After we finished our Eric Carle unit, requested by teachers (which turned out great), we headed straight back to the Australian outback to finally begin creating our rain sticks which we had designed a while back. We reviewed some of the history surrounding aboriginal lifestyles and the dot paintings that come from Australia. I’m excited about these because they will be ready, just in time for our 1st grade Fine Arts night!
To start the process, we began our caps for the rain sticks using craft paper. I cut the pieces to be 3inchesx6inches which will allow for two, 3×3 pieces to cover the ends of our tube. The reason I left it as one sheet was classroom management – it was simply easier to keep track of one piece of paper for each student rather than two.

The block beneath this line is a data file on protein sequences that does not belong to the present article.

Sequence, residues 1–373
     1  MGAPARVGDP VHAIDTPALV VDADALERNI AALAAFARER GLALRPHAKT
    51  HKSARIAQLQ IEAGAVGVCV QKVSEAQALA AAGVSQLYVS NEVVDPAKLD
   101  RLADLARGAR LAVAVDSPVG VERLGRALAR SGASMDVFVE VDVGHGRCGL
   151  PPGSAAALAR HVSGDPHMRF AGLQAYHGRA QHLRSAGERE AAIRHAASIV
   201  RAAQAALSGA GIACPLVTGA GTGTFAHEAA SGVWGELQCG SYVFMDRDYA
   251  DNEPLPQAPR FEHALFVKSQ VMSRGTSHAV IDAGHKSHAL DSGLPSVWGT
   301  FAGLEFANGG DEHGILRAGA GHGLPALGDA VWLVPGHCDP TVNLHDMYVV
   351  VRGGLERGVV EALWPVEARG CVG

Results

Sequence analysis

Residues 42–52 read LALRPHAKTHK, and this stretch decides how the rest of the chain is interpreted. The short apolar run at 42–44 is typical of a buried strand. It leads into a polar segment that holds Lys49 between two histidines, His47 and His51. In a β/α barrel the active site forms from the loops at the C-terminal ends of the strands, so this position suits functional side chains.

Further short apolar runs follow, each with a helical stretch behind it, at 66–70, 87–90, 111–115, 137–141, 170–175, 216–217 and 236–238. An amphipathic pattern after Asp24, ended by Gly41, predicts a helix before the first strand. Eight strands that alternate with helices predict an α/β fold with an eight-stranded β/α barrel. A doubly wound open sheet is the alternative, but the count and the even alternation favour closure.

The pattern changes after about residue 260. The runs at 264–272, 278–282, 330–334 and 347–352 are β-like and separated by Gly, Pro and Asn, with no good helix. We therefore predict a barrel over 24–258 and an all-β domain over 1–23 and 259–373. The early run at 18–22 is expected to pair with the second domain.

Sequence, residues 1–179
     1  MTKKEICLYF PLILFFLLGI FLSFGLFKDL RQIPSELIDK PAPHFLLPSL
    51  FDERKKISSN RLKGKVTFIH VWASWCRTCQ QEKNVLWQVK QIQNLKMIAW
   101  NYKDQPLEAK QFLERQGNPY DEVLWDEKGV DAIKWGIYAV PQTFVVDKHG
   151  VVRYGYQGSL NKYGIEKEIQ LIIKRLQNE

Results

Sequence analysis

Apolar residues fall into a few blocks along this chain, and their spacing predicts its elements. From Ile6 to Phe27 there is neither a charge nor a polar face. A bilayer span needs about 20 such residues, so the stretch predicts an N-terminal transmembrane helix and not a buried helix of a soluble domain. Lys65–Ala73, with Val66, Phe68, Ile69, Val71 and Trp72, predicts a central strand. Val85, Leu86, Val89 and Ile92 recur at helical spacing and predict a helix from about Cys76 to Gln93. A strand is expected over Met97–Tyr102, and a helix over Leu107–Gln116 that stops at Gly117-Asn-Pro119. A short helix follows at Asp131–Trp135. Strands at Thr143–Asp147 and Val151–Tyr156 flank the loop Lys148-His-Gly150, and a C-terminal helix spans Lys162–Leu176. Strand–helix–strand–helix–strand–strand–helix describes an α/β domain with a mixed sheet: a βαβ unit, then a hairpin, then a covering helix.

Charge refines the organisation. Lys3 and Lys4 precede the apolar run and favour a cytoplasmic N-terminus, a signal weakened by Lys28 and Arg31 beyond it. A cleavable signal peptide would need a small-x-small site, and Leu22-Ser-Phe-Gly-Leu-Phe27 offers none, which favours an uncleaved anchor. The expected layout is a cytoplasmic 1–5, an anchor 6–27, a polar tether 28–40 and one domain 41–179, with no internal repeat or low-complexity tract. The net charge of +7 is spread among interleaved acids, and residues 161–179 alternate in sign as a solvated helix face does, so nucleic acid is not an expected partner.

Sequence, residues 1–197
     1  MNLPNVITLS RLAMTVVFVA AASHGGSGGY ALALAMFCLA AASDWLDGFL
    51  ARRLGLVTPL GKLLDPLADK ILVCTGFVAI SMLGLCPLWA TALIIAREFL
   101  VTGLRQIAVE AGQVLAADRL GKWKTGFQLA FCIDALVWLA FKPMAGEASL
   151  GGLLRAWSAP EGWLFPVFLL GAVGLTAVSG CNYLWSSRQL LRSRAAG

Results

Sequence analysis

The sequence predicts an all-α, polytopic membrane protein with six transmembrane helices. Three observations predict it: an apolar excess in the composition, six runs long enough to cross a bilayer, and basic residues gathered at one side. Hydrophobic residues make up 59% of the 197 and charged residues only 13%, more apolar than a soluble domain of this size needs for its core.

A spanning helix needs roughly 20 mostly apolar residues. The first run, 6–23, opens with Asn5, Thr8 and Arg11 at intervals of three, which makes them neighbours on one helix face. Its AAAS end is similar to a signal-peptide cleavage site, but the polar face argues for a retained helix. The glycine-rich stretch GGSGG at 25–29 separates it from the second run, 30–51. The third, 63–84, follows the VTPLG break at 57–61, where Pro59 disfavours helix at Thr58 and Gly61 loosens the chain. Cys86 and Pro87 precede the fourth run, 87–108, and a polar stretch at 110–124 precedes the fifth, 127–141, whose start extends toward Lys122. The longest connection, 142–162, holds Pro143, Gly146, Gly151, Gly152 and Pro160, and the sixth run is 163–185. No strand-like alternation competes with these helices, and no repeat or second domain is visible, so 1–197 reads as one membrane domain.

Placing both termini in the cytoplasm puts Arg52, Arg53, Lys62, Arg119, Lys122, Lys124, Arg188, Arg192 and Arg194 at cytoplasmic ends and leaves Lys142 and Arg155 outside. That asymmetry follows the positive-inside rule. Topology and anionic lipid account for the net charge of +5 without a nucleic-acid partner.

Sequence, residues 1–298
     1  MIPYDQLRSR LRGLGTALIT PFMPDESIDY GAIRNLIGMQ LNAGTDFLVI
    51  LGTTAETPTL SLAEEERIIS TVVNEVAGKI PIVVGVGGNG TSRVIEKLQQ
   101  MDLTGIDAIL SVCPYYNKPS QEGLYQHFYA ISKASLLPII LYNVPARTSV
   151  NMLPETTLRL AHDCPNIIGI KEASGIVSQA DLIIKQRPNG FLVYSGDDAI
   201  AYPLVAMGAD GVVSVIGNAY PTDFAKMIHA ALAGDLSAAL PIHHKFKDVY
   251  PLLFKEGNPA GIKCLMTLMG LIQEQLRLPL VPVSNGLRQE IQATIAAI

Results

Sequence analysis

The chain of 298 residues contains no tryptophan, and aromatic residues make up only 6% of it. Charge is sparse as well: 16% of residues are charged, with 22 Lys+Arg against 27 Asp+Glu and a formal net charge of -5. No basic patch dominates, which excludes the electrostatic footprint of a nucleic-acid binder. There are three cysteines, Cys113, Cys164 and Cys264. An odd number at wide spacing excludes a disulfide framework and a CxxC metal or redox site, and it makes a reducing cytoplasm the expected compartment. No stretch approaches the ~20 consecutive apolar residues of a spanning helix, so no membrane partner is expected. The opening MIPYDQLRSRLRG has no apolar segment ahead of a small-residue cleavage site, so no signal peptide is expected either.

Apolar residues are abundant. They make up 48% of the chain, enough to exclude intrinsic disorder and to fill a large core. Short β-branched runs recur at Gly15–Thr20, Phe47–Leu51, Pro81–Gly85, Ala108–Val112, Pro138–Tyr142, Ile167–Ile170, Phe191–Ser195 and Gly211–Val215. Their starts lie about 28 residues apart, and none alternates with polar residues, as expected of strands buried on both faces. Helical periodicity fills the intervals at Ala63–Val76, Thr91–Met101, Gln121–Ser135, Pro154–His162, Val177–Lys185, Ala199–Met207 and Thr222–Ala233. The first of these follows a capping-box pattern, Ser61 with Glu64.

Students received their paper and together as a class, we added our names and then the fun part, we crumpled it up! There’s no way stiff paper was going to cover the ends easily so we had to create the illusion of leather or cloth by crumpling, flattening, re-crumpling, flattening and so forth. We did this about three times. It was important to avoid tearing so be sure to instruct students to go slow when the crumple and flatten.
From there, we began our paintings. Each table had a dab of yellow, orange and red paint. Using the ends of a paint brush, students were shown and then experienced themselves, dotting designs on their crumpled paper. I encouraged line designs…putting the dots in a particular order. I also asked that they do all of the dots they wish to be yellow first, then orange, then red. Students understood that this was because yellow won’t do much to orange and orange won’t do much to red when mixed only a little. But the opposite order could definitely change things.
Students took off from there and the results were great! We filled our papers and let them dry. 1st graders had a blast breaking the rules by getting paint on the ends of the paintbrushes and we can’t wait to start our rain stick sleeve! Stay tuned!